In 2019 I earned a $99 companion certificate on American Airlines by spending over $20,000 on my Barclays AAdvantage Aviator Silver Mastercard. My real goal for the spending was help towards elite status – qualifying miles and qualifying dollars – but the ability to bring two people with me on a trip for $99 plus tax each was an extra perk.
That certificate was going to expire during the pandemic (travel complete by January 31, 2021) but got extended to June 30, 2021 so I just applied it to a reservation.
Recently I haven’t been able to use it because flights have been available for less than $99. However I’ve got an upcoming trip that,
- Met the 14 day advance purchase requirements
- Met the fare class requirements (L, M, N, Q, S V, G or O classes)
- Avoided published blackout dates
- Was running about $289 per person
And I was going to be flying with my wife and daughter, so why not use it?
These are paper certificates that you have to mail in. American doesn’t actually issue the tickets until they receive and process the certificate, though new certificates have a more electronic process. You still will have to call Meeting Services (800-433-1790) but they will be able to find the certificate in your account and get the tickets issued.
I found the flights I wanted, and called in. The agent had no problem setting up the reservation. But we ran into several problems with pricing.
First she set up pricing for a single companion (two people at regular price, one companion) because she looked up the wrong STAR File. She said she doesn’t get many of these two-companion certificates.
Then she quoted the price of the companions as $99 plus $54 in taxes ($153 per person). But the certificate is clear that,
The certificate entitles the AAdvantage Aviator Silver World Elite Mastercard cardmember named on the reverse to pay $99 for the ticketing fee, plus $21.60 to $43.20 in government taxes and fees based on itinerary for each round trip qualifying economy fare ticket for up to two companions when an individual roundtrip qualifying fare ticket is purchased by and for the primary cardmember, using the AAdvantage Aviator Silver World Elite Mastercard.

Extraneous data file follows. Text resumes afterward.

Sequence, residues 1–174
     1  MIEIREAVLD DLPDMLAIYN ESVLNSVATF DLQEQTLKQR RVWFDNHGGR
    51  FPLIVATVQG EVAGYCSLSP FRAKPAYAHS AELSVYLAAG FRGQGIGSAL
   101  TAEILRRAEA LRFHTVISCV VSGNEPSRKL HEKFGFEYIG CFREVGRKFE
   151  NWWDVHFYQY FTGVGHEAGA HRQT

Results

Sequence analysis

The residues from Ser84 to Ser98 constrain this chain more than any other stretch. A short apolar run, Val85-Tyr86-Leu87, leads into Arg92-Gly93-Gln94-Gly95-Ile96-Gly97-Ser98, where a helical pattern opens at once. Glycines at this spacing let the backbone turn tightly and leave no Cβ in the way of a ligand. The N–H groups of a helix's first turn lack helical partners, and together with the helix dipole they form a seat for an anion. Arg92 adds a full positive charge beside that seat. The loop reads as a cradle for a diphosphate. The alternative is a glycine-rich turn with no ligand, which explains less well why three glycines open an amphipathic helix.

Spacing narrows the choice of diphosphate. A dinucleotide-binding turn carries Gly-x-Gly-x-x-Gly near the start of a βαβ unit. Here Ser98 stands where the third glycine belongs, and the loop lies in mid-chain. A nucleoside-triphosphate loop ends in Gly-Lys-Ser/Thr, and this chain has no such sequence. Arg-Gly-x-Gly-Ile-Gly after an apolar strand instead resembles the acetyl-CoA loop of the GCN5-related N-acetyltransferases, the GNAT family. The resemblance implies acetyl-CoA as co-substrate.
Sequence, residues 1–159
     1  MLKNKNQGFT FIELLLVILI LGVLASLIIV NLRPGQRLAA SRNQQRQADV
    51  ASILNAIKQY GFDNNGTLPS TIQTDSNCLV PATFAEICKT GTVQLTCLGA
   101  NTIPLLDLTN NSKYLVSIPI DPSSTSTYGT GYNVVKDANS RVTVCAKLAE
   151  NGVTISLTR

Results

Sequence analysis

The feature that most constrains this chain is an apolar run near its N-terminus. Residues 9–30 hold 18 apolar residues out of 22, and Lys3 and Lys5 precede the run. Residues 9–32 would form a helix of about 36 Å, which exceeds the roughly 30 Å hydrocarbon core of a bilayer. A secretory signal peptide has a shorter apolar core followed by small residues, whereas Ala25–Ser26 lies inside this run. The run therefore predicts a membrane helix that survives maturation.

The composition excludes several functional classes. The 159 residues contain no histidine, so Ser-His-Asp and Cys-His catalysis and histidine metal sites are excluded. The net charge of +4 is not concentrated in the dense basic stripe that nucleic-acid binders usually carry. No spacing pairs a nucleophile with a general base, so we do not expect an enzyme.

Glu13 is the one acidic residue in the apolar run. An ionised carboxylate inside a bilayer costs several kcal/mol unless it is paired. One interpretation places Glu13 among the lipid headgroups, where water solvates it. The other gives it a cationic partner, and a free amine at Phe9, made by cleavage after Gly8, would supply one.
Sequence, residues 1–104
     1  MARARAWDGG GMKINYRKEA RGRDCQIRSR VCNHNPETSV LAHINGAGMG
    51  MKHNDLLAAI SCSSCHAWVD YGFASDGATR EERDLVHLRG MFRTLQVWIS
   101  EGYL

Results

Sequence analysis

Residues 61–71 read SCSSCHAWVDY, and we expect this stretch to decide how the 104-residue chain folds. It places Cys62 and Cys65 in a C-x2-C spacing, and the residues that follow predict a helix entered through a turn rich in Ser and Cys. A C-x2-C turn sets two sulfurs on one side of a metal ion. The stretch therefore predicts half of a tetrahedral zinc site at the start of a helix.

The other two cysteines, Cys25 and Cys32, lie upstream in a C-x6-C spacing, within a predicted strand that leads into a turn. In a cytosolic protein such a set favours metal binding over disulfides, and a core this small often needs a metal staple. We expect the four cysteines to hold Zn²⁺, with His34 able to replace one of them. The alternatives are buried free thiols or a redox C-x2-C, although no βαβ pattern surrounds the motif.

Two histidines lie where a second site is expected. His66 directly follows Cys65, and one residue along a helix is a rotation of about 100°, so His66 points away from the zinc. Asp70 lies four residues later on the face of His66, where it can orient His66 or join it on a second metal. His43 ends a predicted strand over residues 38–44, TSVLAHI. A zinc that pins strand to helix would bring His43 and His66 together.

The certificate discloses maximum taxes of $43.20. So it seemed to me that American was overcharging me by $10.80 per ticket or $21.60.
The agent spoke to her support desk, who agreed that this publish tax maximum applied, but they couldn’t do anything about it. We involved another desk who was unwilling to adjust the taxes ‘because that requires a higher level of authorization than we have available.’ I went back on hold for a third department, which didn’t answer.
At this point I’d been on the phone for an hour. I had been avoiding booking this reservation because I knew it would take a good bit of time. I can be productive while I’m on hold, but I can’t take calls or be quite as productive while listening in the background.
Five minutes before a commitment I made to record a podcast, the agent came on and I agreed to pay the fully quoted taxes. I knew that if I left the line I’d have to start all over with another agent, and I decided not to fight the $21.
I’ll fight even a small amount on principle but this time American had beaten me because I didn’t have the time to spare.
In fairness when doing my own tax calculation I think they should have charged me $53.33 per passenger, though not $54.
- US Transportation Tax (US) $6.93 (7% of $99)
- United States Flight Segment Tax Domestic (ZP) $17.20
- United States Passenger Civil Aviation Security Service Fee (AY) $11.20
- US Passenger Facility Charge (XF) $18.00
However American should have honored its credit card benefit as advertised and disclosed, perhaps reducing the $99 by $10.80 on each ticket to match. But they wore me out and took me for $20 instead.